He said the nature of the work would be consistent with what the organization has done for years. It works frequently with children and families who’ve experienced significant trauma and provides services to 16 schools in the county.
“It’s doing what we do anyway,” he said.
Rutland Mayor Chris Louras said the impact of war on refugees would be a key issue for service providers in general. “It’s a unique challenge that the service providers in the area have not had to deal with in a broad way,” he said. “Nothing in scope and scale of a war zone.”
Louras said his own role would be to make sure various parties are communicating with one another and sharing information.
Volunteers with the group Rutland Welcomes will also play a role in assisting refugees.
“From what I saw there is quite a network of support with volunteers,” Lamoureux said. “It’s reassuring to know there will be such a large network of volunteers waiting to help them.”
In the wake of Donald Trump’s victory in the presidential election, there is some uncertainty as to the future of refugee resettlement.
One of the core tenets of his campaign was a ban on Muslim immigration or immigrants coming from parts of the world viewed as a national security threat. It will be within the purview of the new administration to slow or halt the arrival of refugees in the United States.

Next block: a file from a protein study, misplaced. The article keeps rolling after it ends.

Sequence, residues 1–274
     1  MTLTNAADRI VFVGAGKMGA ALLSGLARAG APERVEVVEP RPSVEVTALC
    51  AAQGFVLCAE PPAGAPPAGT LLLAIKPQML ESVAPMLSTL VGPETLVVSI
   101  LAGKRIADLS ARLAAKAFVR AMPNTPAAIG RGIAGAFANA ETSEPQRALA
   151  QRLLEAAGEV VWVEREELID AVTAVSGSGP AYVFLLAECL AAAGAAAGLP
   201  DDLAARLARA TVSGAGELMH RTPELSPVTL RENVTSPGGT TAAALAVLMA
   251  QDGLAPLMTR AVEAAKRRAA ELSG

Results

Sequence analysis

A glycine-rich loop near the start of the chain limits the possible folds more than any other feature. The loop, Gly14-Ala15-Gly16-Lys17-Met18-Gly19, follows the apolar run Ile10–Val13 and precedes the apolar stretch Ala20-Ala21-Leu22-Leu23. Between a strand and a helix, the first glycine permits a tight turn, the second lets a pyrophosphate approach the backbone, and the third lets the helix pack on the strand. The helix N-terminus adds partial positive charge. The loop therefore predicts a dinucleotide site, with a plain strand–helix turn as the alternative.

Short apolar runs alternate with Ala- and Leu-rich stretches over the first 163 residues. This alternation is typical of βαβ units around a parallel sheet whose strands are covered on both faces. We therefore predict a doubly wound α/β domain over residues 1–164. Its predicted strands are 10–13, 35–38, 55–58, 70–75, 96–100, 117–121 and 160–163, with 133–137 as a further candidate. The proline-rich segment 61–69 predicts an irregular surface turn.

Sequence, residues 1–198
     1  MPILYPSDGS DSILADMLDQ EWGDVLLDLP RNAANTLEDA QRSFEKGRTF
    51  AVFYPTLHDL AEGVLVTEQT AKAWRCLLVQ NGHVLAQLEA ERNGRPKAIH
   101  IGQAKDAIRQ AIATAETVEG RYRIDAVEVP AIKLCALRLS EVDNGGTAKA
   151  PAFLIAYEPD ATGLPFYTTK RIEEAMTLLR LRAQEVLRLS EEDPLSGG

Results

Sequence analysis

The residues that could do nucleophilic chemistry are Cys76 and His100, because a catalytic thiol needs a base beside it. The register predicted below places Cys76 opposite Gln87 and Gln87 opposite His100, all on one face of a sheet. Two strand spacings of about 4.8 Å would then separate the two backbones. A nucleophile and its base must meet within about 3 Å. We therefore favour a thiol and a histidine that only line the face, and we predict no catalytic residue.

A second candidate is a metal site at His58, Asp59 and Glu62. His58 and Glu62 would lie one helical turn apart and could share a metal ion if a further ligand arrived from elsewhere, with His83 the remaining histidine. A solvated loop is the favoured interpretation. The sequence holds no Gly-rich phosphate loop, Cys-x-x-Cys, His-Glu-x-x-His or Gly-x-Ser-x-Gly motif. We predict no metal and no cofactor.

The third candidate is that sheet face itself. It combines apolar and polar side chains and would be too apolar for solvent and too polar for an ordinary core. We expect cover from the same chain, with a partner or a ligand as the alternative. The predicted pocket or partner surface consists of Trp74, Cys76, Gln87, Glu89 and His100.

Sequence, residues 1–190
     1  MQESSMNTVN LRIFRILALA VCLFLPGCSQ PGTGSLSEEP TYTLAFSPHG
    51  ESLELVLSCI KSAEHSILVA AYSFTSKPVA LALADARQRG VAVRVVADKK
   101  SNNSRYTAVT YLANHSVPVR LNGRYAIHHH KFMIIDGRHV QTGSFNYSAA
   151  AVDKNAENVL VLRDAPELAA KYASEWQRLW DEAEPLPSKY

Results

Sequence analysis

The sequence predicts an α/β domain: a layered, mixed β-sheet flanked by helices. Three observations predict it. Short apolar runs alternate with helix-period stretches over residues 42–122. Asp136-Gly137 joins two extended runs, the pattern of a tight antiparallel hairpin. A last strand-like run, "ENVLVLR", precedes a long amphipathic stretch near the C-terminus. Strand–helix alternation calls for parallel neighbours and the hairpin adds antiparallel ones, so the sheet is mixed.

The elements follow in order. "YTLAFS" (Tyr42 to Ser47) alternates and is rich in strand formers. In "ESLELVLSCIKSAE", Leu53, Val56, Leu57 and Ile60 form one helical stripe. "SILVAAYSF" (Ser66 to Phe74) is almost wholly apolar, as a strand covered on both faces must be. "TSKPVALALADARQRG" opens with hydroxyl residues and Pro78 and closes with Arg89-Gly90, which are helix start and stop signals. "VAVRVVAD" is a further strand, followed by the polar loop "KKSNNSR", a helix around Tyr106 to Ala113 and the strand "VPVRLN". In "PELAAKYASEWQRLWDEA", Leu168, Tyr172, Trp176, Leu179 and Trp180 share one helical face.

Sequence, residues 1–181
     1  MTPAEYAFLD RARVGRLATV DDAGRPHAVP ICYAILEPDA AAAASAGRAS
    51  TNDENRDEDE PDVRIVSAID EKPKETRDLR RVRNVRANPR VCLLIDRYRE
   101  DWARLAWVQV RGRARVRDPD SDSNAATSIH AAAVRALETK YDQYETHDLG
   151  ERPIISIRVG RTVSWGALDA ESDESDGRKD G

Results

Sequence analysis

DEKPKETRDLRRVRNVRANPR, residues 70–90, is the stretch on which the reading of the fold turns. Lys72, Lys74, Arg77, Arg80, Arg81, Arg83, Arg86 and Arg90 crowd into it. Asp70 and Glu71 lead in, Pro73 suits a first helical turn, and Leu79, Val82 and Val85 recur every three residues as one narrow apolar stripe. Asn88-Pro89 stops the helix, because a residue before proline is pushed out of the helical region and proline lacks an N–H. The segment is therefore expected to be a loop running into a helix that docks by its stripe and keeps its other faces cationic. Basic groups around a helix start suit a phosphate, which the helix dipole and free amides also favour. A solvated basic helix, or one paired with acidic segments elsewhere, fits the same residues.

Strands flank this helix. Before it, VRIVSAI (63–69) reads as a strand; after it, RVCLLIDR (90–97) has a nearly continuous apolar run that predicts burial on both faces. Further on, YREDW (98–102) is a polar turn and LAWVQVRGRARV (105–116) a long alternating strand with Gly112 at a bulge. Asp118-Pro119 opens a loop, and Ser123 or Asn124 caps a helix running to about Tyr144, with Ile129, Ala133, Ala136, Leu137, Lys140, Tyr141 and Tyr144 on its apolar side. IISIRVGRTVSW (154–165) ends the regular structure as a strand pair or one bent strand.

Kansas Secretary of State Kris Kobach, an immigration hard-liner, has said he is participating on Trump’s immigration policy transition team. And Jeff Sessions, who served as an informal adviser during Trump’s campaign and has railed against President Obama’s “reckless and extreme” refugee resettlement policy, is being floated as a possible secretary of defense.
Former U.S. Ambassador to Syria Robert Ford said in an email, “It is not yet clear if the new administration will act to stop any refugee inflows into the U.S. after it takes office in the new year.”
A State Department spokesperson referred all questions on the matter to the president-elect’s team.
The U.S. Committee for Refugees and Immigrants released a statement welcoming the president-elect to his new home in Washington “just as we have welcomed newcomers across the country for over 100 years.”
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Committee President Lavinia Limon said, “Throughout our history refugees and immigrants have been welcomed to America by presidents from both parties in war and in peace, and the current global refugee crisis is no time to shrink from this leadership.”
Stacie Blake, director of government and community relations at USCRI, said the program has always enjoyed bipartisan support.
“America has always led on this issue,” she said. “That’s who we are, what we’ve always done, and we would certainly expect that president-elect Trump would want to continue to be a leader on an issue of this importance.”